Tuesday, April 30, 2013


 Scene from Lucia di Lammermoor. Photo: Michael Cooper
Reviewed by James Karas
A disturbed young girl who is molested by her brother; a blustering nobleman on the verge of losing everything and molests his sister; a heroic lord; a buffoonish lord who is willing to marry the disturbed girl. The forced marriage to save a family’s honour and the young lady going mad for not being allowed to marry the man she loves and the enemy of her family, all sound familiar. Lucia di Lammermoor, no?  But the rest – where did that come from?

The Canadian Opera Company has found a production of Donizetti’s Lucia di Lammermoor that is a brilliant and disturbing interpretation of the work; a psychodrama, a dream sequence, an original and stunning approach to a very familiar work. Take whatever view you wish, this is a Lucia like you have never seen before.

We all know that Lucia opens on the grounds of a castle where Normanno (Adam Luther) and his men are chasing an intruder. They are joined by Enrico (Brian Mulligan) who explains that he is on the verge of losing everything unless his sister Lucia (Anna Christy) marries Arturo (Nathaniel Peake).

When the curtain goes up at the Four Seasons Centre, we see a young girl sleeping in a child’s bed and there is a man seated at a desk nearby. The girl wakes up startled. We see Normanno and the chorus through the windows of the room looking for the intruder.

What is director David Alden up to? He re-imagines Lucia as a psychological drama; he recreates some of the characters into people most of us never thought belonged to this opera and in the end gives us a production that many people may find disturbing but in the end is simply stunning and thrilling opera.

 Lucia and Enrico - Photo: Chris Hutcheson

Christy as Lucia is a frightened young girl and the entire action may well be a dream or a nightmare that she is having. She is or imagines being in love with Edgardo (Stephen Costello), her brother’s archenemy. The two meet but their expression of love is awkward and child-like. It smacks of puppy love imagined by the emotionally disturbed Lucia. Far more realistic and terrifying is her relationship with her brother Enrico. He clearly lusts for her and molests her. This is more realistic because Lucia has experienced it as opposed to her love for Enrico which may be an escapist figment of her immature imagination.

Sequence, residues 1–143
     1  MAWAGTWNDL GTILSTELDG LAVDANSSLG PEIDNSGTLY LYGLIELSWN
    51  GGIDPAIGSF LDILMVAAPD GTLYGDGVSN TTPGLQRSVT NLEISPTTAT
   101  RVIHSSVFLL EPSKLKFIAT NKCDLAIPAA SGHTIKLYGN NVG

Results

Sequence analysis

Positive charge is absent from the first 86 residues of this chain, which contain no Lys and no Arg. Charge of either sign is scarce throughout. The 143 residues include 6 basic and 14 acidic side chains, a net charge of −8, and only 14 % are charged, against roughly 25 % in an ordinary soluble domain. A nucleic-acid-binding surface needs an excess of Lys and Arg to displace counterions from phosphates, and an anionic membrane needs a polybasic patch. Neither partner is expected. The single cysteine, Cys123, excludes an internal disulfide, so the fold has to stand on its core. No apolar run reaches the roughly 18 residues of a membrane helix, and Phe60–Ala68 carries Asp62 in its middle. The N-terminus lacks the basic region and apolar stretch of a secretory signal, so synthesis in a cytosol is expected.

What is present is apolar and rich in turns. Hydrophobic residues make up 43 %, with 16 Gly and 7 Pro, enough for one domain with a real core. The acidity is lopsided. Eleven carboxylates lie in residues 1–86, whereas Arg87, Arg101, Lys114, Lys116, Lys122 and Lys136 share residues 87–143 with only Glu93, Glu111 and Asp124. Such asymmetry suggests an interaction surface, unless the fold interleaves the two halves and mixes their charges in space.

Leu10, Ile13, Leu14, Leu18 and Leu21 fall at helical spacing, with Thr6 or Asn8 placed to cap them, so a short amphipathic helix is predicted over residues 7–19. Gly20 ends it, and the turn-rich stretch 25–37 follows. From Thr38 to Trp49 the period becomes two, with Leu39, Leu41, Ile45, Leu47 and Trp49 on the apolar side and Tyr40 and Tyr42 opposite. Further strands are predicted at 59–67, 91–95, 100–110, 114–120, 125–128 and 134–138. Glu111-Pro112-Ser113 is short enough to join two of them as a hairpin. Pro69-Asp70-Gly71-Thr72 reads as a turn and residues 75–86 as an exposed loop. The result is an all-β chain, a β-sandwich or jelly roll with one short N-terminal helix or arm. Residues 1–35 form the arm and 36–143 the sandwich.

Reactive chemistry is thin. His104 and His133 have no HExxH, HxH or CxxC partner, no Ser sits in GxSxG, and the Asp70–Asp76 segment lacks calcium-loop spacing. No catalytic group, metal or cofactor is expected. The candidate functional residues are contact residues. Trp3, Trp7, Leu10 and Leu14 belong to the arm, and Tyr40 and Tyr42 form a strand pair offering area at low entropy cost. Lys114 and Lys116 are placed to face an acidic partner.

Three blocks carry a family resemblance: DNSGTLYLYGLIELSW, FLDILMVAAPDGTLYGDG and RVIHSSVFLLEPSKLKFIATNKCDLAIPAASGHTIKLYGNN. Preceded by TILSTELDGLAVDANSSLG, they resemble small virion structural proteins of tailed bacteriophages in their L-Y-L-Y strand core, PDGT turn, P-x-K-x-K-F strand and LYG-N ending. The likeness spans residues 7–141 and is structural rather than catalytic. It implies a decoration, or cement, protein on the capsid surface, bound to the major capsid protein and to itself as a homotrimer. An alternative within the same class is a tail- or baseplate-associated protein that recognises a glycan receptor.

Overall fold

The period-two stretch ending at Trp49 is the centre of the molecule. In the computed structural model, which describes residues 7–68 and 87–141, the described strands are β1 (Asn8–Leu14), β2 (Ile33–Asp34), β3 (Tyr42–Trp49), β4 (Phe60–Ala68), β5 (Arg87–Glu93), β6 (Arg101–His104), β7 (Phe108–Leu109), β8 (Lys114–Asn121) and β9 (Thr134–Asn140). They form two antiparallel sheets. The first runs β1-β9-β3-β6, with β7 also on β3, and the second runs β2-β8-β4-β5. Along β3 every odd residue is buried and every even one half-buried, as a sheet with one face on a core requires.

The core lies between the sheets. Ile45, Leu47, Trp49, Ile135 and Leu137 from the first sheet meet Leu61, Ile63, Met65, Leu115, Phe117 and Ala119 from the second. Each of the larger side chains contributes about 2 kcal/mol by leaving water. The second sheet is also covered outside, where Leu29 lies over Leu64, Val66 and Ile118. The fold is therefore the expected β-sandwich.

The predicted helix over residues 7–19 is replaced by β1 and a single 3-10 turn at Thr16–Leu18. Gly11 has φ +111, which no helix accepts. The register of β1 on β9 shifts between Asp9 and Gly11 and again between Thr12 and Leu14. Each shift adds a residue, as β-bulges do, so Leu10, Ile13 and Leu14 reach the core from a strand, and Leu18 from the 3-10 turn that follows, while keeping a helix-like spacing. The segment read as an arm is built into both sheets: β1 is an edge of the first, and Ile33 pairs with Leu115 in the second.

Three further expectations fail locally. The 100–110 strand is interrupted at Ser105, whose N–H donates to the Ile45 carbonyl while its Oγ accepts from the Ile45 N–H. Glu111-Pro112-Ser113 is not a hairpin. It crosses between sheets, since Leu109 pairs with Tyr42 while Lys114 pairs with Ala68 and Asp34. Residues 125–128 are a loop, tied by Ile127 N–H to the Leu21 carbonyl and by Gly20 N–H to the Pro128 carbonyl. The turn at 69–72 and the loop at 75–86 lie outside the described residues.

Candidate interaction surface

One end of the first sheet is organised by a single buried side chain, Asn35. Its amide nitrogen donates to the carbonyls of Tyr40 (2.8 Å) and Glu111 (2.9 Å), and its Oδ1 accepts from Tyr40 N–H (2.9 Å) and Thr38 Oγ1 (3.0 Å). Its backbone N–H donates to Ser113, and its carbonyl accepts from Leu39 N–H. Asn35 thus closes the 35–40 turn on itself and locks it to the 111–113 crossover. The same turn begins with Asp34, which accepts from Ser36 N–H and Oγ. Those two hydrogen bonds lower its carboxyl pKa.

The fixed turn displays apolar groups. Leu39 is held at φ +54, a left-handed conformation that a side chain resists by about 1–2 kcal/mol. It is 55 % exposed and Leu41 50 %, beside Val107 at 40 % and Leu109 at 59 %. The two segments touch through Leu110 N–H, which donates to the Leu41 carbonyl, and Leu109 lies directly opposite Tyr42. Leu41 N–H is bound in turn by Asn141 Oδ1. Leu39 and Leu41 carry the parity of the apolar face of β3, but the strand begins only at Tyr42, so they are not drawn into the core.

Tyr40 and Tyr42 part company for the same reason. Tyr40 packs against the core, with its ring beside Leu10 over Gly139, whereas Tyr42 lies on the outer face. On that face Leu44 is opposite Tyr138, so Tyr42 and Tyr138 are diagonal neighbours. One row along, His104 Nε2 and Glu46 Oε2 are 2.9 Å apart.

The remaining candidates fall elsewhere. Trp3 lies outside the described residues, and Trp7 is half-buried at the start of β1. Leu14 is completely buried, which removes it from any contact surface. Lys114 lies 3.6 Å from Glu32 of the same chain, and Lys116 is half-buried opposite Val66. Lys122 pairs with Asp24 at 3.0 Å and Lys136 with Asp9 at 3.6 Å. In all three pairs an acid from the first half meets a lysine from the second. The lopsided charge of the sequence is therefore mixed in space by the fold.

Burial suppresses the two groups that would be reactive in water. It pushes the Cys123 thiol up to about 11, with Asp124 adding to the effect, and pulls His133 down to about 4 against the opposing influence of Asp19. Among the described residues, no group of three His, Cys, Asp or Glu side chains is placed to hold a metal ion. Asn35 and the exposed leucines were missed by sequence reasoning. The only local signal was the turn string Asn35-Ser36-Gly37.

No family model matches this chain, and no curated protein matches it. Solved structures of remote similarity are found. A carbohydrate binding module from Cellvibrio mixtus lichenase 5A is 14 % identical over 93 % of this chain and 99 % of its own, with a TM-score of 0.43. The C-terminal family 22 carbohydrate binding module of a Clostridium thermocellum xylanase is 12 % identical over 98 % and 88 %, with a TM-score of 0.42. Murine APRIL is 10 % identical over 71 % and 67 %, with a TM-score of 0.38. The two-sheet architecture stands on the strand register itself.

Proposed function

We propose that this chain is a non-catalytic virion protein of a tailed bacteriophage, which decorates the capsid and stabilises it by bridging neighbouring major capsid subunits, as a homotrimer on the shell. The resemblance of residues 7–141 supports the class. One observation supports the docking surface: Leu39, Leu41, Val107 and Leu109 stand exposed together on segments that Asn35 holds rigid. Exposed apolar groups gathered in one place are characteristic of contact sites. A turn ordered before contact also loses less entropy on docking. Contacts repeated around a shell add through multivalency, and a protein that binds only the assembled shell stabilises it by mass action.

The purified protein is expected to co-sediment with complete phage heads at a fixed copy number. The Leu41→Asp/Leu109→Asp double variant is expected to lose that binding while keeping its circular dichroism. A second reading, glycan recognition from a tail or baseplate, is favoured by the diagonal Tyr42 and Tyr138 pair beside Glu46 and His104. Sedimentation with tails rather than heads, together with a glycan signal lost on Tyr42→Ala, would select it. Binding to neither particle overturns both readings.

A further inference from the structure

She is forced to marry Arturo, an egotistical dandy and an ass, whom she murders on their first night. What follows is the famous Mad Scene and again we see the mind of a brilliant director at work. Forget the grand staircase or other dramatic entrances seen in other productions. Only Enrico and Lucia’s companion Alisa (Sasha Djihanian) are on the stage when she enters. She is soon left alone; she does not need the guests until the choral part makes them essential. Lucia goes through the scene and the curtain in the castle’s stage behind her opens and we see Arturo’s blood-soaked body. That is a coup de théâtre, if there ever was one!

Alden has created countless details to present a convincing account of his interpretation. From Lucia playing with dolls, to her brother playing with toys, to her remaining seated after she is supposed to have died (hence the suggestion of a nightmare), to the positioning of characters on the stage, this is a production that is meticulously planned and executed.

The singing is splendid. Christy’s voice sounded childlike in the opening scene and there were moments when I thought it would crack. I quickly realized that it was intentional – she sang like a disturbed child that on occasion walked on her knees. That voice is dropped and by the time she gets to the Mad Scene she unleashes powerful and dramatic singing.

Costello has a wonderful tenor voice and he leaps across octaves as Edgardo. He is heroic vocally and physically and in the end when he is about to die, very moving. A true heroic tenor.

Oren Gradus, at the other end of the vocal range made an impressive Raimondo. He sang with affecting resonance as the Chaplain who represents duty and obedience.

Baritone Brian Mulligan made a truly loathsome Enrico, the selfish and self-righteous nobleman who is prepared to force his sister into a marriage to a disgusting person. He had a rocky start but eventually settled into a fine vocal rendering.

This production was originally created for the English National Opera in 2008. I saw it on what may be considered a bad night. Christy was recovering from bronchitis, bass  Clive Bayley lost his voice in mid-performance and had to be replaced by a singer who sang from the side of the stage while Bayley mouthed the words and took care of the physical action. The production was sung in English which make me pay attention to the unsingable translation instead of the interpretation. I found that performance bold and innovative but did not enjoy it. 

None of the above applied to the COC production and the opera was sung in its original Italian.

Lucia came back to life, so to speak, in the 1950’s when Maria Callas and Joan Sutherland showed what can be done with bel canto operas. Alden now shows that there is more to Lucia than great opportunities for sopranos, together with its outstanding arias and ensemble pieces and of course a Mad Scene and an unforgettable sextet. They are all there but there is also a psychodrama that will simply take your breath away.

Lucia di Lammermoor by Gaetano Donizetti opened on April 17 and will be performed nine times until May 24, 2013 on various dates at the Four Seasons Centre for the Performing Arts, 145 Queen Street West, Toronto, Ontario. Tel:  416-363-6671. www.coc.ca